Dan Ashe served as FWS Director from June 2011 until January 2017. The following is an archive of blogs authored by Director Ashe during that time. This content is intended for historical reference only and not as a representation of current Service policy or opinion.
"The question is, are we happy to suppose that our grandchildren may never be able to see an elephant except in a picture book?" -- David Attenborough
Today, we find ourselves amidst a sudden and vicious epidemic of wildlife slaughter and illegal trade. We are receiving reports of a potentially catastrophic slaughter of forest elephants in the Central African Republic as that nation has spiraled into chaos.
First, we heard 30 elephants were killed. Then it was 40. Now it is more than 80, and the death toll will likely climb. Definitive numbers are hard to come by, but it is clear that the world-renowned national park, Dzanga-Ndoki, and its large elephant population is now in harm’s way.
It is not just elephants – this is a humanitarian crisis of epic proportions. USA Today reports that 173,000 people have been forced from their homes since December when a rebellion began. Reports suggest violence and mayhem continue to threaten the land.
We can’t forget the people on the ground there, but my job is to care for the wild things and wild places of the world. And that means the U.S. Fish and Wildlife Service must find a way – working with the global community – to halt the poaching epidemic that looms over elephants, rhinos, great apes, big cats and many other species.
In recent years, this crisis has meant well-resourced, heavily armed and savage poachers, who stop at nothing and not only take advantage of the political turmoil but are sometimes encouraged by it.
Poaching levels are the highest in years, possibly decades, and demand for ivory is soaring on a robust black market. Sellers can earn $1,000 a pound for elephant ivory on the streets of Beijing, the New York Times reported last year.
Thanks to laws like the U.S. Endangered Species Act and treaties like the Convention on International Trade in Endangered Species of Wild Fauna and Flora (CITES), elephants had been staging a recovery in many parts of Africa since the 1980s; however, in the past few years, these gains have been reversed and forest and savanna elephant populations are now in steep decline. It is believed that rising prices for ivory, particularly in Asia, are the motivation for the enormous increase in poaching.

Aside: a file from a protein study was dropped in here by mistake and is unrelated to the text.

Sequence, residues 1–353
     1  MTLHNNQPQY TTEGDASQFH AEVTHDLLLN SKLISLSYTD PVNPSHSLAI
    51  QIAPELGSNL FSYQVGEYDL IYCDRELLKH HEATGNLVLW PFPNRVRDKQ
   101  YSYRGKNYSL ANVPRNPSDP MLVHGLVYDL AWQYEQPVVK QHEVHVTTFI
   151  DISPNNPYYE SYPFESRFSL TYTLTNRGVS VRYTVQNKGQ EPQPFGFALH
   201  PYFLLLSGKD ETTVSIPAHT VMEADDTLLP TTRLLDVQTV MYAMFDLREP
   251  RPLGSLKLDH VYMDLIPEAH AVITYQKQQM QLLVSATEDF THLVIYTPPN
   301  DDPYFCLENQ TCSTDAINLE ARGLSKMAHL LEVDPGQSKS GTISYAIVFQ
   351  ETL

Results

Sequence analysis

And it is not just the Central African Republic.
West Africa has lost most of its elephants, with few populations exceeding 100 animals.
In 2012, 450 of the estimated 550 elephants in Bouba-Njida National Park in Cameroon were slaughtered in a single season by Sudanese and Chadian horsemen who have been hunting elephants in Central Africa for decades.
A recent survey, which received support from the U.S. Fish and Wildlife Service, estimates that in Gabon, two-thirds of the forest elephants in Minkebe National Park have been killed since 2004, a loss of more than 11,000 elephants.
Agency leaders met with several members of Congress Friday to try to come up with a solution. We are attacking the problem in several ways.
Through our Wildlife Without Borders African Elephant Conservation Fund, we support the 37 African elephant range states with financial and technical assistance for essential protection activities, especially anti-poaching. With the 2012 appropriation of $1.65 million, we contributed on average about $50,000 per country. That doesn’t sound like much in today’s world, but it is often the first or most significant funding a particular activity gets.
We also need to squelch the growing international demand for ivory, particularly in Asia, that is the major driver of poaching and illegal trade.
The United States plays a role in illegal wildlife trade as a consumer, supplier and transit point. People need to know that importing elephant ivory into the United States is almost always illegal. We will find smugglers, confiscate the ivory and prosecute them.
People use many reasons to argue why they should illegally buy elephant ivory. We need it for artistic or religious reasons, people tell themselves, so our purchase is OK.
They are wrong … dead wrong.
We work with the global community through CITES to clamp down on illegal trade in elephant ivory. At the recent CITES meeting in Bangkok, significant strides were made to address poaching and illegal ivory trade in source, transit and consumer countries.
And we coordinate with law enforcement agencies across the globe to aggressively investigate, arrest and prosecute those who poach elephants and illegally traffic in their tusks.
We are committed to stop poaching whether it is of elephants or any form of wild life. And the women and men of the U.S. Fish and Wildlife Service will rise to this newest challenge. Unfortunately, we will rise as Congress has "sequestered" key portions of our budget, and we have had to cancel the hiring of a new class of 24 law enforcement special agents. But we will follow Theodore Roosevelt's admonition and we will do what we can, where we are, with what we have.